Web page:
Physics Forums

Physics Forums (http://www.physicsforums.com/index.php)
-   Classical Physics (http://www.physicsforums.com/forumdisplay.php?f=61)
-   -   Temperature Concept? (http://www.physicsforums.com/showthread.php?t=657192)

M. next Dec6-12 08:06 AM

Temperature Concept?
 
what is the difference between emperical and thermodynamic temperature?

Philip Wood Dec6-12 09:24 AM

Re: Temperature Concept?
 
An empirical temperature is defined as linearly related to some specific property of a substance or system, such as its electrical resistance. So if we had a copper resistance thermometer and a platinum resistance thermometer and calibrated them at the ice and steam point, there'd be no reason to expect them to give exactly the same reading at some intermediate temperature.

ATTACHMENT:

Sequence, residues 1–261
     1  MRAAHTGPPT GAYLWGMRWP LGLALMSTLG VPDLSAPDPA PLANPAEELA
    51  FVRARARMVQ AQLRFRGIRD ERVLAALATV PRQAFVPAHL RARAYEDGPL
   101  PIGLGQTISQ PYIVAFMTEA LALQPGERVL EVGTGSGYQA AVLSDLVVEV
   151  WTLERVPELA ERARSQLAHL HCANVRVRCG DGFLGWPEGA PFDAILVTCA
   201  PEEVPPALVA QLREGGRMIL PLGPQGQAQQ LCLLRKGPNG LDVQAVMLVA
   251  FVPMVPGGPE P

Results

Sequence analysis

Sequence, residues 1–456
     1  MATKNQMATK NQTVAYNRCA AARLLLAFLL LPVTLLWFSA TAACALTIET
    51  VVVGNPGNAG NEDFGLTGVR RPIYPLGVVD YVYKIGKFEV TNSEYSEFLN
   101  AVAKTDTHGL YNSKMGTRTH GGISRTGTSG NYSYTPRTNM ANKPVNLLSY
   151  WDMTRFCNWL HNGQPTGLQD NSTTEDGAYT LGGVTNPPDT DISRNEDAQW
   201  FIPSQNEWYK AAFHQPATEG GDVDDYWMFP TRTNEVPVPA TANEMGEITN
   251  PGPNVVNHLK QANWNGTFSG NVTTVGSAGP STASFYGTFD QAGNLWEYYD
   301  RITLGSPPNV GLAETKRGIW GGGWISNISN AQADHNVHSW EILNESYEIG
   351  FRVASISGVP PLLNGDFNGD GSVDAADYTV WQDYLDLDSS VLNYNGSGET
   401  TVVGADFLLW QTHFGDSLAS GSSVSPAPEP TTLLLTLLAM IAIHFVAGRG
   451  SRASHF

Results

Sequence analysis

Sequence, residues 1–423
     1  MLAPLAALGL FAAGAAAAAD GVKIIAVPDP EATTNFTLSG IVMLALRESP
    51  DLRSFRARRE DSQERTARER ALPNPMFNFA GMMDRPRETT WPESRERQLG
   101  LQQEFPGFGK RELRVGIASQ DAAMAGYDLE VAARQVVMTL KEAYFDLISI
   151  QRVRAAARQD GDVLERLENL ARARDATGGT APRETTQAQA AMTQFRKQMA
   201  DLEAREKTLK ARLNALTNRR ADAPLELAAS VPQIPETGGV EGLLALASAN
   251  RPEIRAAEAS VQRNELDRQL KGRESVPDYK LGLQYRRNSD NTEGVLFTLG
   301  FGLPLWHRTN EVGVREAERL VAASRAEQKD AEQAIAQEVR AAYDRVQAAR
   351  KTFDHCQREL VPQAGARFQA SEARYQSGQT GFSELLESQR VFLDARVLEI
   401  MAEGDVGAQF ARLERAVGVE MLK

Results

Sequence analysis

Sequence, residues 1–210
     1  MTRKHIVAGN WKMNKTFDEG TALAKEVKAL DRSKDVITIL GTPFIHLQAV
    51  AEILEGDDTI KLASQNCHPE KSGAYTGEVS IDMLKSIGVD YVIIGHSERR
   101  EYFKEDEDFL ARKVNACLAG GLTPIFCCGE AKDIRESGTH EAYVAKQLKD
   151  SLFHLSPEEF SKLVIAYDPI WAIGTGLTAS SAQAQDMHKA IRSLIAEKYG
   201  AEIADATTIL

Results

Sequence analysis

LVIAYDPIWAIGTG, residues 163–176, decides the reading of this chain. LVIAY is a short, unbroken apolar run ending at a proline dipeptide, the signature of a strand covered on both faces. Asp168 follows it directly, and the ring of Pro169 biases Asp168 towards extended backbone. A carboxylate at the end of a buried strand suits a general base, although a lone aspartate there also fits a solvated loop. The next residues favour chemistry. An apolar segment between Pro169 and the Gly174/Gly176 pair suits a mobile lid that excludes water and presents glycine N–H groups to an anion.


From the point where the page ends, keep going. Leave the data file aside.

Thermodynamic temperature is based, not on the property of a particular substance, but upon the universally applicable Second Law of Thermodynamics. To measure temperatures on this scale we have to have a theory which links readings (on say a gas thermometer) to the thermodynamic scale. It turns out that for gases at very low densities, the thermodynamic temperature ratio is close to the ratio of gas pressures.

Philip Wood Dec8-12 12:05 PM

Re: Temperature Concept?
 
M. next: Was this reply of any help? Does it need clarification? If so, where specifically?

M. next Dec9-12 04:52 AM

Re: Temperature Concept?
 
Thank you Philip. It is perfectly illustrated, I understood it.


All times are GMT -5. The time now is 04:37 AM.

Powered by vBulletin Copyright ©2000 - 2014, Jelsoft Enterprises Ltd.
© 2014 Physics Forums